On USENET newsgroups, Intel outlined an enhanced desktop roadmap, with a new unlocked fourth-generation eight-core and 16-thread processor, codenamed Devil’s Canyon, in addition to an Anniversary Edition of the classic Pentium processor.
First, there’s Haswell-E, the upcoming enthusiast platform. The CPU is stepping up to eight cores and 16 threads (up from the current six-core, twelve-thread IVB-E chips) adding DDR4 memory, and will deploy on a new X99 chipset. The X79 chipset has gotten a bit long in the tooth compared to newer offerings like Intel’s Z87, so this shift should put the new platform back on the cutting edge of technology. No word yet on which DDR4 clock speeds will be supported.
Devil’s Canyon sounds like an interesting compromise, as it won’t end up as expensive as Haswell-E parts. Devil’s Canyon is not exactly a new product, or the name of a chip for that matter. It is an improved Haswell with improved packaging materials. Intel says it was “re-engineered for enhanced performance and overclocking,” so it basically sounds like a Haswell refresh in fancy packaging. There is nothing wrong with that, in fact we like the idea. It’s a tweaked, unlocked Haswell for enthusiasts on a budget – let’s just hope it ends up priced right.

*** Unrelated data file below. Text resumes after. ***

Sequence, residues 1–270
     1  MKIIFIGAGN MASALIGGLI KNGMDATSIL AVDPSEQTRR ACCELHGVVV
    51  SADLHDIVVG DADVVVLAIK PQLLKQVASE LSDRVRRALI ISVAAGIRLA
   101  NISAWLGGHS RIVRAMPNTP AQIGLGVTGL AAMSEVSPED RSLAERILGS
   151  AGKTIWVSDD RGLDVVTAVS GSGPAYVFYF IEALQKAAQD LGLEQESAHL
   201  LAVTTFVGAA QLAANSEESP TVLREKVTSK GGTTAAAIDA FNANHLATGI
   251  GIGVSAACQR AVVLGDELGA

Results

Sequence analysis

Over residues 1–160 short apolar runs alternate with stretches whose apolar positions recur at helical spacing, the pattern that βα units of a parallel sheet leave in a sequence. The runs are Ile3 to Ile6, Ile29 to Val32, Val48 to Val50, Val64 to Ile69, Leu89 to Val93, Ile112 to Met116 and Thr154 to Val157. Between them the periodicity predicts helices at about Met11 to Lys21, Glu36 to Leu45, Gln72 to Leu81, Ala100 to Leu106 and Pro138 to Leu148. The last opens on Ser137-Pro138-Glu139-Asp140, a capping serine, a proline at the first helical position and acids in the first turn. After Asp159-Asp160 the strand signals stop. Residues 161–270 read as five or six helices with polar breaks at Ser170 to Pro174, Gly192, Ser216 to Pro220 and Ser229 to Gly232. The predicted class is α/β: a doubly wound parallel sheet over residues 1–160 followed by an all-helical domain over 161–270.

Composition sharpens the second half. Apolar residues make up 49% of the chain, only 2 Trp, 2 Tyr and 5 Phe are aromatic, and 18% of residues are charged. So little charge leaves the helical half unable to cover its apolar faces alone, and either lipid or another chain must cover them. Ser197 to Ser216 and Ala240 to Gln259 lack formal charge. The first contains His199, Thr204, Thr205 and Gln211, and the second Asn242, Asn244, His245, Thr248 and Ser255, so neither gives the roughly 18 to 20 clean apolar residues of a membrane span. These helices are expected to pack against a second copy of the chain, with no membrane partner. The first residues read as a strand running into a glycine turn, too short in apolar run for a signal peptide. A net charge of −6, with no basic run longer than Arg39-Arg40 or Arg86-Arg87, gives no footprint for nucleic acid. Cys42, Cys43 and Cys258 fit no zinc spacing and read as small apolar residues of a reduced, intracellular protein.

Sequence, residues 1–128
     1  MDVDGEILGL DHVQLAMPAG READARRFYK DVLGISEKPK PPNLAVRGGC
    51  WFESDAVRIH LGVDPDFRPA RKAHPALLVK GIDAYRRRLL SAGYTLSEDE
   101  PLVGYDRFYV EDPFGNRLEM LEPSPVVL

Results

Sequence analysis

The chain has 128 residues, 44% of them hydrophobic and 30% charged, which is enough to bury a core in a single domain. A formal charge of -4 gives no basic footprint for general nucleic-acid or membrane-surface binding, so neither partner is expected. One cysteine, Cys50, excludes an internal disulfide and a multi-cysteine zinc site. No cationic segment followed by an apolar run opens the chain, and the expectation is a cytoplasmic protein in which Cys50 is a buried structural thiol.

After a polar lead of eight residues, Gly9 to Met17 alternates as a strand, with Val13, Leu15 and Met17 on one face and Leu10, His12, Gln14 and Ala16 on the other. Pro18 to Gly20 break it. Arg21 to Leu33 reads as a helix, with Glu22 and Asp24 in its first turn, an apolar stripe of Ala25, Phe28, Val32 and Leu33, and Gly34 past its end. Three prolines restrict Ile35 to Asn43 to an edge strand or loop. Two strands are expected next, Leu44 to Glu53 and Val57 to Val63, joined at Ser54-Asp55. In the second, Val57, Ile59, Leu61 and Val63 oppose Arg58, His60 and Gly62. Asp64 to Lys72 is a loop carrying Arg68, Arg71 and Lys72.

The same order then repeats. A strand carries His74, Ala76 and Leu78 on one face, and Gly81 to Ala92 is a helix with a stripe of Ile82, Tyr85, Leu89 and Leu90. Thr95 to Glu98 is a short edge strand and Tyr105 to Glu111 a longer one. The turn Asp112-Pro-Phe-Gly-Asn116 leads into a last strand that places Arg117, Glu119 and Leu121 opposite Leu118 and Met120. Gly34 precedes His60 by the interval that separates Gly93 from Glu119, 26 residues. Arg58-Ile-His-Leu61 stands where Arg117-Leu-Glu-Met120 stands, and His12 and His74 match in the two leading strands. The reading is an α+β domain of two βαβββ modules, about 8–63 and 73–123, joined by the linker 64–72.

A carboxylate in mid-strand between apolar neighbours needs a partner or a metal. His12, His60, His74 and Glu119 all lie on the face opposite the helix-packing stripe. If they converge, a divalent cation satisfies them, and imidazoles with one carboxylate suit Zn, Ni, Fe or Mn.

In addition to enthusiast parts, Intel also announced the Pentium Anniversary Edition, an unlocked series of Pentium chips based on Haswell Refresh silicon. Yes, it’s 20 years since the Pentium launched – we’re all getting old. The original Pentium happened to feature a rather nasty FPU bug, but it was quickly sorted out and Pentium arguably became Intel’s biggest brand ever, although at the time there were plenty of punters who criticised Intel from ditching its x86 naming scheme. Perhaps Intel should have chosen a different name for Pentium Anniversary Edition parts, as 586 would really be a blast from the past.
Intel also talked NUC and other emerging desktop form factors. The company has a portable all-in-one dubbed Black Brook and it’s not giving up on the NUC concept, either. Intel wants to make these frugal PCs faster and more responsive, while at the same time cutting power consumption and eliminating a lot of bulk.